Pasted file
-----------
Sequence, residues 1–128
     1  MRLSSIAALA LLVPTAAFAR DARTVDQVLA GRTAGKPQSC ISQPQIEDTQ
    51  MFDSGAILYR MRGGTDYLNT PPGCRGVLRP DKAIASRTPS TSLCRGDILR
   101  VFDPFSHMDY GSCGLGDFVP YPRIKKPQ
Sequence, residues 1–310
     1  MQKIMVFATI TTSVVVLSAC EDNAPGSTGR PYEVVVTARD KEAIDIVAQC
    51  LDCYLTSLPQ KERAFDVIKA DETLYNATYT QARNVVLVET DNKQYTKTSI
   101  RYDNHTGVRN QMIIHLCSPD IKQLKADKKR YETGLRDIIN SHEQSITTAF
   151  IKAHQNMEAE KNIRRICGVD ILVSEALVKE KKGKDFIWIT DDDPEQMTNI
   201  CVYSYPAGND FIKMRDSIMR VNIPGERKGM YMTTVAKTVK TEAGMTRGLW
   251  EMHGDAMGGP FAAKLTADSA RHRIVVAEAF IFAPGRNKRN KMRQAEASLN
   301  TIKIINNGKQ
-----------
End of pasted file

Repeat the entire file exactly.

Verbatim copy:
Sequence, residues 1–128
     1  MRLSSIAALA LLVPTAAFAR DARTVDQVLA GRTAGKPQSC ISQPQIEDTQ
    51  MFDSGAILYR MRGGTDYLNT PPGCRGVLRP DKAIASRTPS TSLCRGDILR
   101  VFDPFSHMDY GSCGLGDFVP YPRIKKPQ
Sequence, residues 1–310
     1  MQKIMVFATI TTSVVVLSAC EDNAPGSTGR PYEVVVTARD KEAIDIVAQC
    51  LDCYLTSLPQ KERAFDVIKA DETLYNATYT QARNVVLVET DNKQYTKTSI
   101  RYDNHTGVRN QMIIHLCSPD IKQLKADKKR YETGLRDIIN SHEQSITTAF
   151  IKAHQNMEAE KNIRRICGVD ILVSEALVKE KKGKDFIWIT DDDPEQMTNI
   201  CVYSYPAGND FIKMRDSIMR VNIPGERKGM YMTTVAKTVK TEAGMTRGLW
   251  EMHGDAMGGP FAAKLTADSA RHRIVVAEAF IFAPGRNKRN KMRQAEASLN
   301  TIKIINNGKQ